Given it will be the biggest set-back to the project in its history (see 1 january 2016, the year of leaving), the eu is turning its attention to the consequences of the looming leave vote; pre-quake tremors are beginning to hit the surface. There are two schools. The first sees the uk as central brick of a wall holding back integration and though convulsive, exit will enable closer union. The second has britain more as the crest of a eurosceptic wave, with the vote loosening the tectonic plates that lead eventually to a more states-first, decentralised construct. Berlin, schauble at least, is already championing the middle-way status quo narrative. Uppermost in this view is denying the uk any rights and privileges as a stark warning to others of the ruinous perils of leaving. While that line is likely to hold in the immediate earthquake of the near-existential crisis the eu will face, it is ultimately unsustainable. Far from being impossible though, both tendencies may find a breakthrough as the vote brings the latent tension to the surface. The "keep them in the fold" countries are likely to strain every sinew to work with the uk on some form of association as similar to eu membership as possible. Norway, switzerland, iceland and (everyone's favourite) lichtenstein already have the eea/efta, and the insertion of the heavyweight uk into the mix should be more than enough to catalyse its reformation. This may prove sufficiently attractive for several other out-inclined member states (hungary, the example du jour) to peel off into too. This has two great attractions for the eu. Putting a safety net in place may well enable the core to start serious optioneering about further integration, likely around a reduced-schengen and the eurozone. An outer-ring is also an obvious answer to the increasingly-fraught question of what to do with turkey and the remaining balkan countries now that the highly-successful dangling-the-prospect-of-membership foreign policy tool has run out of road given political inability to actually bring in any new members for the foreseeable future. Once recriminations fade and passions calm, pro-actively creating this second-tier, unbound by the ecj (see court in the act), is likely to emerge as a potentially sturdy win-win vessel both the eu and britain can sail their now-separate but still interdependent futures together in.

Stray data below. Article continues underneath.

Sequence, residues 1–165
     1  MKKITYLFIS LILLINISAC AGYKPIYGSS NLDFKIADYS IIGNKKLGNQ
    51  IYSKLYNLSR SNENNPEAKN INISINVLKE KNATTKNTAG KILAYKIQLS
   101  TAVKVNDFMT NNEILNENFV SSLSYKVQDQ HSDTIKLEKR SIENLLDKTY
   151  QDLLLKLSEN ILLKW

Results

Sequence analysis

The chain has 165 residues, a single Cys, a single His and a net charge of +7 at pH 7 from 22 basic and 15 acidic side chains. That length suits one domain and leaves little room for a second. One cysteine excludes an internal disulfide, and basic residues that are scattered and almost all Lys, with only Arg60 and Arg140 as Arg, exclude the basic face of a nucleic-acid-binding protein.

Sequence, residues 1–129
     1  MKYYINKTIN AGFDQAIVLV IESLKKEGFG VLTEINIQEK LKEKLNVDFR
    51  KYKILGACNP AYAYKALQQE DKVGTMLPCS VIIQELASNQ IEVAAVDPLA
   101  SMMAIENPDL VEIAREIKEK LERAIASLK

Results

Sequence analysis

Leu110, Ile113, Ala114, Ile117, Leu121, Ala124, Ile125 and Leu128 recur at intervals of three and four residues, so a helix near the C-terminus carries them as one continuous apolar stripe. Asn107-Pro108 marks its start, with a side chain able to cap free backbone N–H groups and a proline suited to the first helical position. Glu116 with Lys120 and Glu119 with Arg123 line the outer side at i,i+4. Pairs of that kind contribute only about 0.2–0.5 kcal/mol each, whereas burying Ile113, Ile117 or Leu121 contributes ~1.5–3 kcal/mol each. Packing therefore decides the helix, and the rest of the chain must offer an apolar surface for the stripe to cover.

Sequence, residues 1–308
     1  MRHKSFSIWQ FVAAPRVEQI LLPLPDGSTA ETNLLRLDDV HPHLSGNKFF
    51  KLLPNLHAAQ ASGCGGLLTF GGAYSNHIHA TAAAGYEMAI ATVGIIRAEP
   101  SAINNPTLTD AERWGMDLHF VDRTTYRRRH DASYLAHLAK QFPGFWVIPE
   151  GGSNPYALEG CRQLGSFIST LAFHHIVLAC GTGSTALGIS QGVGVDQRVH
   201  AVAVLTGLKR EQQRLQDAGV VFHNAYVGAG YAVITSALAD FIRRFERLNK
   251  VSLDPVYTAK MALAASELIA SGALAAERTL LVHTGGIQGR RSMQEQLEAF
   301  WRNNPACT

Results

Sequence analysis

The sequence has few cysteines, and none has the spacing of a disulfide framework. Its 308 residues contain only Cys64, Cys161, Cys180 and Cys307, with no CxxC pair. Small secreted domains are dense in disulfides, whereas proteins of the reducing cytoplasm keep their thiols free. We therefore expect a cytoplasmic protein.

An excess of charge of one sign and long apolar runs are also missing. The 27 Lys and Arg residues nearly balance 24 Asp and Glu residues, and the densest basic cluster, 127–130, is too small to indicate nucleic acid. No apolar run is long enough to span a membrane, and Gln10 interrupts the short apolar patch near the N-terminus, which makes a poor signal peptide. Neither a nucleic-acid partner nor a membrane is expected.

4 june 2016, o solo sorrento

Saturday, June 4th, 2016

Just back from a week away. "first time in italy ?" asked our skipper, "no, several times in the north" we replied. "Aha", he concluded "so it's your first time in italy". The disorganisation, lack of restaurant chains and total imperviousness to rules though were wonderfully familiar. The romans especially did the roads for us: mopeds flying round blind corners on the wrong side of unbelievably narrow (and picturesque) roads, cars reversing down one way streets and brazenly turning right into no right-turns. Everywhere, the views were breathtaking: from sorrento of course, on the cliffs, looking out onto capri, or at the top of its highest mountain, which we accessed on a 1970s chairlift. I was gobsmacked as we were winched up, that so many of the people coming down were staring not at some of the most mediterranean's most dramatic scenery - ischia was rising as if suspended in a cloud - but at their mobile phones. Not even taking pictures, but clearly on emails or social media; some actually talking, breaking the meditative silence. We are a spoilt generation, lost to wonder. The whole holiday I fought this with my kids, though we had amazing ammunition: the wonders of pompeii, albeit in the searing heat, a cooler evening in herculaneum with a great guide, the mind-boggling walk up and sights atop mount vesuvius, capri and a fabulous morning at italian cookery school. We also got to positano, the first time driving across dizzying cliff-top roads and walking down a mountain to eat at the splendid tre sorelles, the second as the climax to our final day's extravagance of a boat down the amalfi coast, in and out the grottos, swimming and sunning, approaching positano from the very best angle, and then breaking a rule and eating at the same restaurant twice. I read the fantastic jacob's gift; he wrote my book. Heavenly holidayesque.

23 may 2016, nate of the north

Monday, May 23rd, 2016